Will Putin Ever Let Snowden Leave?

The dirty secret is that Russia doesn't care about Edward anymore. It's all about luring the next turncoat.

Sean Gallup/Getty Images
Sean Gallup/Getty Images

Frank Deford, the venerable American sportswriter, once famously wrote that "professional wrestling is clean and everything else in the world is fixed." Deford should perhaps be considered a sharp observer of U.S. foreign policy as well, since the line aptly describes the wrestling match between Moscow and Washington over National Security Agency contractor Edward Snowden’s flight to Russia.

While Snowden’s odyssey from Hawaii to Hong Kong to Moscow is bizarre enough in its own right, it pales in comparison to the kabuki dance between the two superpowers over his fate. First there was the straight-faced insistence from Washington that Snowden is an accused felon and thus must be returned to face American justice. Attorney General Eric Holder even gave his assurances that Snowden will not face the death penalty.

On the Russian side, after equally straight-faced bobbing and weaving on whether Snowden was even on Russian soil, or would be granted asylum, President Vladimir Putin declared Snowden may remain in Russia for awhile, provided he "stop his work aimed at harming our American partners." After another month of exaggerated legal hammerlocks, Snowden’s Russian attorney finally sprang him from airport limbo, popped him into a waiting cab, and disappeared him into his new Mother Russia.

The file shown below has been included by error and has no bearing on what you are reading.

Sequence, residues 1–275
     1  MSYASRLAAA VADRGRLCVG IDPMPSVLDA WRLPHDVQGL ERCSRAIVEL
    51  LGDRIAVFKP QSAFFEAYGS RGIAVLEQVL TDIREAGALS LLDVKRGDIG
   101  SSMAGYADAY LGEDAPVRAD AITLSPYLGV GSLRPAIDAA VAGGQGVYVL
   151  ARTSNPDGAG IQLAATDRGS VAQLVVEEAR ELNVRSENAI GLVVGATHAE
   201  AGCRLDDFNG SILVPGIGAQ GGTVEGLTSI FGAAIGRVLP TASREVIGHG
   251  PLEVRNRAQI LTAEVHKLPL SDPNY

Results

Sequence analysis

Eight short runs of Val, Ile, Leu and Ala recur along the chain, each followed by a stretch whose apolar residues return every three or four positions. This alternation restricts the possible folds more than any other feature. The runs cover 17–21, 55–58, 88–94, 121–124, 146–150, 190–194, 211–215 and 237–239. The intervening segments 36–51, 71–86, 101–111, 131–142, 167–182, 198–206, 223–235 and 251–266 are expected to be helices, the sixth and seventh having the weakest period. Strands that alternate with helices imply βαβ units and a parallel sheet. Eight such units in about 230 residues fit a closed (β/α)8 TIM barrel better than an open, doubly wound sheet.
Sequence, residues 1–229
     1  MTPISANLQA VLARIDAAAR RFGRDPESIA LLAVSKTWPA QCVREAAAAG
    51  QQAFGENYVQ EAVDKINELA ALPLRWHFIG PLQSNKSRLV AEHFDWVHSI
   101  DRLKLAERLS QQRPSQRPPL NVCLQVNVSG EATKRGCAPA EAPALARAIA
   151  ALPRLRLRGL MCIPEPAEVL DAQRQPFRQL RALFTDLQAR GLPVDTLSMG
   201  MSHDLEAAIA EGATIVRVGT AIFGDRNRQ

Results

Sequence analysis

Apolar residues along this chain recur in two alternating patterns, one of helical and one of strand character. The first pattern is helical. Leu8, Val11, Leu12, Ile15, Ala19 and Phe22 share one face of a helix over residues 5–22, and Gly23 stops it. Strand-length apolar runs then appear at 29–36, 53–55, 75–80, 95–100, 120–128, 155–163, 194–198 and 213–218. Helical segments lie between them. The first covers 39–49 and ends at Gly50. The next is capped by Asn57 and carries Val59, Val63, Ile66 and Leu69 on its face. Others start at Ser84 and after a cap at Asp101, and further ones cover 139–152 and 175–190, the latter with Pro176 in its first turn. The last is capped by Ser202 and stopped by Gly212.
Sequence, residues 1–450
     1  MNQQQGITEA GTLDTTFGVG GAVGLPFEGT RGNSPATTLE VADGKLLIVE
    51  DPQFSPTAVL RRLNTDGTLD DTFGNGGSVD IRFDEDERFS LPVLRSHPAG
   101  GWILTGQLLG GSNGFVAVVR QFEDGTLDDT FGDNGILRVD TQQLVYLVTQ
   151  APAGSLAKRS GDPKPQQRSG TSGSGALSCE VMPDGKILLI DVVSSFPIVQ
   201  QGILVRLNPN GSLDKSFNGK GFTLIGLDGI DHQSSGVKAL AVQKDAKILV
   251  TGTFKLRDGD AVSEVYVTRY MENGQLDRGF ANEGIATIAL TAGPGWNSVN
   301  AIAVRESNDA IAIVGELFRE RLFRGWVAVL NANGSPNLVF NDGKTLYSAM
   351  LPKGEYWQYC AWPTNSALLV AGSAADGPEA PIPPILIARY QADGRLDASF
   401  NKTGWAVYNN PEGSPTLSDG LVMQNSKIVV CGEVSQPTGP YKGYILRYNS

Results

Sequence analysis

It’s probably safe to say now that most of this back and forth was purely for public consumption.

American intelligence must have known and advised the White House, the Justice Department, and the Congress that the Russians would ultimately provide Snowden some form of safe harbor. Handing him back to the United States was never a serious option. Russian intelligence, and that would include former KGB officer and now President Putin, understands the chilling effect turning Snowden back would have on whatever prospective U.S. turncoat might be waiting in the wings, ready to hand over American secrets to Moscow’s spymasters. And yes, let us assume these prospective turncoats are out there.

In the long history of the spy game between these two adversaries, the intelligence volunteer — the willing turncoat — motivated by money, revenge, lust, or simply boredom has always been the central character. And the Russian and U.S. intelligence services have built their crafts around the handling of the next volunteer, the next intelligence goldmine, whether it is an Aldrich Ames or a Robert Hanssen crossing over from our side, or an Adolf Tolkachev coming to us from theirs.